Background: Fixed-dose combinations (FDCs) are combinations of two or more active drugs produced in a single dosage form and are used in the treatment of a wide range of ailments.
Objective: The objective was to find out prevalence, prescribing pattern, and rationality of FDC amongst patients attending out-patients department of medicine in a tertiary care teaching hospital.
Materials and Methods: A hospital based prospective cross sectional observational study based on a convenience sample of 620 prescriptions carried out in between May 2015 and July. A seven point tool was developed based on the WHO guideline to evaluate the rationality FDCs. The format for the collection of data were to include patients demographic information such as name, age, sex, social history, family history, as well as medication information, diagnosis, and current treatment regimen given by prescriber. Collected prescriptions were screened for fixed dose combinations and analysed for prevalence, prescribing pattern, and rationality.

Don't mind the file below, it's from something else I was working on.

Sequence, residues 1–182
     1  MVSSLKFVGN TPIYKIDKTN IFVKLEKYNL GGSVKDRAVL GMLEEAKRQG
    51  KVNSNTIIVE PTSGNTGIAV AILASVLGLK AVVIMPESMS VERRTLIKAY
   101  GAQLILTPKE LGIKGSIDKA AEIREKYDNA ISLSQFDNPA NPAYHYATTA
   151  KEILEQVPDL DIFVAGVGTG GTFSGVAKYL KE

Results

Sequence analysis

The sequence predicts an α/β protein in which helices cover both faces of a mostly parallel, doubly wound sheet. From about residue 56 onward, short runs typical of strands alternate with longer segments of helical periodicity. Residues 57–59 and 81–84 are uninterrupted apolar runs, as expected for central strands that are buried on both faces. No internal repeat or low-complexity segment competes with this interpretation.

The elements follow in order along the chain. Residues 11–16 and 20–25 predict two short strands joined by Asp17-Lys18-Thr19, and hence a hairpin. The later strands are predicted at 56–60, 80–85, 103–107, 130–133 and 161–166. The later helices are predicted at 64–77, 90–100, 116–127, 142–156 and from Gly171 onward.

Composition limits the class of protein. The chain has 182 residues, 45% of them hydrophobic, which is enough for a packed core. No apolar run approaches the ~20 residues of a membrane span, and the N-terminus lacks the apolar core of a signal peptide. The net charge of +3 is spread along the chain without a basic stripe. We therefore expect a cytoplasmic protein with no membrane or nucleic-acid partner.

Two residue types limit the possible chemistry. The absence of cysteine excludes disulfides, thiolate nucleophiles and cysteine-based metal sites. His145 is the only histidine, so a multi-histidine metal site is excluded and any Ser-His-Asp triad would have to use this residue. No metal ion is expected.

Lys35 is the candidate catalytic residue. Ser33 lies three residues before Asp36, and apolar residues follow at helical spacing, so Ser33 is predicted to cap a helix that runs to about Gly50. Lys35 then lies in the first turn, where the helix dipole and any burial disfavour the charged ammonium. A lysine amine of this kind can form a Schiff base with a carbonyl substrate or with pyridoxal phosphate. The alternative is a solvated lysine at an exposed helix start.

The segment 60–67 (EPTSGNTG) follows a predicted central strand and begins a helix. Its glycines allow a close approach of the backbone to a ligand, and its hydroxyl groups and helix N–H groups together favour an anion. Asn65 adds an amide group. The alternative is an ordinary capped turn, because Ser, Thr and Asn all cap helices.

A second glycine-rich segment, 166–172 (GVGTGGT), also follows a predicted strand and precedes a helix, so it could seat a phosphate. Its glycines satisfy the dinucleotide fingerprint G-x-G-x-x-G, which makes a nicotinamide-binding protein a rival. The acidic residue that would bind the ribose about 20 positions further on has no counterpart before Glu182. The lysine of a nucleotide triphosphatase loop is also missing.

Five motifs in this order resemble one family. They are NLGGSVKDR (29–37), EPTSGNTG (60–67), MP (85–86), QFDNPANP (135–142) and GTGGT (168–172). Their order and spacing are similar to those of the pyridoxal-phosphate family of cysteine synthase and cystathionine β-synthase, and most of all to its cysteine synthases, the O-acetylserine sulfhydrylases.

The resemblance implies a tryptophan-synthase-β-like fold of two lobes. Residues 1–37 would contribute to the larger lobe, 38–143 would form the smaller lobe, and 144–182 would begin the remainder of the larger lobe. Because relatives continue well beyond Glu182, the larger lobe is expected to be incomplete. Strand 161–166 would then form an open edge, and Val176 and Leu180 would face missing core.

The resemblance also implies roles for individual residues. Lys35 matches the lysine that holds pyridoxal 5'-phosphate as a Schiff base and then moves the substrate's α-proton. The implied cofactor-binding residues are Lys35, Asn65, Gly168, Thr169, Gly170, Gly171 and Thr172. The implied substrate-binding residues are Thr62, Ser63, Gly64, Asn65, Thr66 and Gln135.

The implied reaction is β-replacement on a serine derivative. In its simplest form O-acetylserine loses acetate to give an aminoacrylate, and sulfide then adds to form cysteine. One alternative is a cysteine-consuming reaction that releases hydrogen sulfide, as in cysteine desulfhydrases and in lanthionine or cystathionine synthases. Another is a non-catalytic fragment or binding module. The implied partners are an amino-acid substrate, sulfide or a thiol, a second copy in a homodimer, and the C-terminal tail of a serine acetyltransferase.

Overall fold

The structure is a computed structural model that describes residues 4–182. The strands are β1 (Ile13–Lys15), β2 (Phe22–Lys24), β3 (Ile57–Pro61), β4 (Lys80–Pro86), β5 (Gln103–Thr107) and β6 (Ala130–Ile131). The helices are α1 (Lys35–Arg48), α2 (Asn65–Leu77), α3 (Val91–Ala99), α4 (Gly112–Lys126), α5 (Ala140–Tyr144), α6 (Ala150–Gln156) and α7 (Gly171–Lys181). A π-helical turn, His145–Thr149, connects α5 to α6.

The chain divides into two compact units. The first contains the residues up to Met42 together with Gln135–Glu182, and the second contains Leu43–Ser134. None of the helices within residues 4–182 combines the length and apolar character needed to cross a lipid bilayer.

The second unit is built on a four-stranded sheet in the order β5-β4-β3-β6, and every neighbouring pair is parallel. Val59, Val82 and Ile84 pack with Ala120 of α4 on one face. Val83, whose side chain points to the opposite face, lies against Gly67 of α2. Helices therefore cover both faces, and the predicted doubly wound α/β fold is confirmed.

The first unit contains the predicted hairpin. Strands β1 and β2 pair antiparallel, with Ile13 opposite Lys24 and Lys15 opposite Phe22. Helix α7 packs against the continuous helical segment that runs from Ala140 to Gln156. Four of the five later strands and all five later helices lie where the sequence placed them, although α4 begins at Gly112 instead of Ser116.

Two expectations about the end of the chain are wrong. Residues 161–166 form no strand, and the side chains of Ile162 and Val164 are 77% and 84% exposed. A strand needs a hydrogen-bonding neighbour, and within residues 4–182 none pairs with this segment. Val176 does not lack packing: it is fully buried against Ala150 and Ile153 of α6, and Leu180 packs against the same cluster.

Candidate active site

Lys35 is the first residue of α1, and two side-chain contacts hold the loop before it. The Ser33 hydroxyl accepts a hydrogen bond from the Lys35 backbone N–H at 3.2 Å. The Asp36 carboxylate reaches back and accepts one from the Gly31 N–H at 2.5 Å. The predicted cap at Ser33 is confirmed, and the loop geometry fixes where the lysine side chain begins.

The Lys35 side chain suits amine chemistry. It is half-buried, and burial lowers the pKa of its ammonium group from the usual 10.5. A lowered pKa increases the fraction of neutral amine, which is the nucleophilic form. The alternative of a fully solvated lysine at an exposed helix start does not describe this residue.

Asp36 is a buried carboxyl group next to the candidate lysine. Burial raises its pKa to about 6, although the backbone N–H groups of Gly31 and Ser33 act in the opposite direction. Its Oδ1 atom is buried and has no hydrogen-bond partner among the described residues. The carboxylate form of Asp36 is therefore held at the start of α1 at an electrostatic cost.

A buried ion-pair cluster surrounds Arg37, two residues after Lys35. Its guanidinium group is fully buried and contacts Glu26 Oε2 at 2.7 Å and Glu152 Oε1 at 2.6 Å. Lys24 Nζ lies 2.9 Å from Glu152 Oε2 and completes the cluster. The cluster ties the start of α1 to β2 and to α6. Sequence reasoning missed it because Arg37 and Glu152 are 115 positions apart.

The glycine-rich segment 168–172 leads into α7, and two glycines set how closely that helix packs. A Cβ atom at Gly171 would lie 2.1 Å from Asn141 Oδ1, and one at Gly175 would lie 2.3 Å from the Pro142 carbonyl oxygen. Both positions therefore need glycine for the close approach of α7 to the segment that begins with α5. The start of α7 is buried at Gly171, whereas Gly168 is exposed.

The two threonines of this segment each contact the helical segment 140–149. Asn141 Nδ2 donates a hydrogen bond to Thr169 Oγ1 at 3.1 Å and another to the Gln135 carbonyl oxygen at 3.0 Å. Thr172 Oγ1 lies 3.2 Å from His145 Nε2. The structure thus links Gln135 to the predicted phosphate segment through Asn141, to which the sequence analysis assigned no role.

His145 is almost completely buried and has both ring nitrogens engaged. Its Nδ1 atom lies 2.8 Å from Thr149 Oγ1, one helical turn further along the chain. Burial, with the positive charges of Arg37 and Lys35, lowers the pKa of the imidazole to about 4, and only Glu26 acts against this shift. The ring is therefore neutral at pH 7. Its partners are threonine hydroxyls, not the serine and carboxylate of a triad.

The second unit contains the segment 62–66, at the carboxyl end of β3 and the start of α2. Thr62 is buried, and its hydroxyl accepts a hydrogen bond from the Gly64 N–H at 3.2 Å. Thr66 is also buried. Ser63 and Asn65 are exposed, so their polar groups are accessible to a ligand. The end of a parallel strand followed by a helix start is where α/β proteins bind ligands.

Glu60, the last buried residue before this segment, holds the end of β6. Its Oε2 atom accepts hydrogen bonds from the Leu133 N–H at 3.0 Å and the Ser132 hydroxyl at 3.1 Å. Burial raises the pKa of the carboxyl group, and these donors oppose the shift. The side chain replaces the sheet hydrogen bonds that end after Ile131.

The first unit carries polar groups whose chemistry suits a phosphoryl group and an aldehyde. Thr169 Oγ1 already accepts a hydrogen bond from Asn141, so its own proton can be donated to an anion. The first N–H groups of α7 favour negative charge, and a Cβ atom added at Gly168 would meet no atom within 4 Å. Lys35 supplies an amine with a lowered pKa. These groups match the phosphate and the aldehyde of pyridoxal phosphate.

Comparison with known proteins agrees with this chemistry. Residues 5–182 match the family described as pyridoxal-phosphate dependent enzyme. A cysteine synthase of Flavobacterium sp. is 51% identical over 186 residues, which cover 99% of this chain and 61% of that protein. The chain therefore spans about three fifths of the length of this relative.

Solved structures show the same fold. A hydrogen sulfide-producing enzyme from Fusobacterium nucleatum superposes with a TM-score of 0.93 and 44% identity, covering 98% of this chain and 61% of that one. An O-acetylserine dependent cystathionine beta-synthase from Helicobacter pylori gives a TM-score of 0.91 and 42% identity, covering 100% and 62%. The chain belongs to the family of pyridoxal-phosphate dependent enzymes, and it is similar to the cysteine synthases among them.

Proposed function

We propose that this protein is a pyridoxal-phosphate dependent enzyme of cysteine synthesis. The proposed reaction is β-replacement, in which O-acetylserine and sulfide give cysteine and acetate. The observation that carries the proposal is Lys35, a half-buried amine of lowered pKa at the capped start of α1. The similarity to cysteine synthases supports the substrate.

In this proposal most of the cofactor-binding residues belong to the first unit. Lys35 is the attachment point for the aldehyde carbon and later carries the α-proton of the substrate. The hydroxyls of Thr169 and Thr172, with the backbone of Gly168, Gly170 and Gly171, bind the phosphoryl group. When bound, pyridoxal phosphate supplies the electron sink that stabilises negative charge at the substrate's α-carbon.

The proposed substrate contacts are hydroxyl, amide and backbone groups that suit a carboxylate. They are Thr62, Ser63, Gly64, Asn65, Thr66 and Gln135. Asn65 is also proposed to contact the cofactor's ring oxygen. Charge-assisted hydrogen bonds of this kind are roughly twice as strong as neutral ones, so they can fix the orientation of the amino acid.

Result: Prevalence of FDCs in the prescription was 81.31%. Brand names were used in 82.78% of the prescriptions. FDCs containing nutritional supplements containing vitamins and minerals are prescribed for maximum numbers (20.48%). About 70% of FDCs were irrational, where 17.71% were either controversial or banned and 15.83% were rational.
Conclusion: The prevalence of irrational prescribing of FDC is high. To minimize the pattern, educating the prescribers about rational prescribing is essential. A relook and rationalization may be required in the use of combination product.
Fixed dose combinations (FDCs), rational, irrational, controversial or banned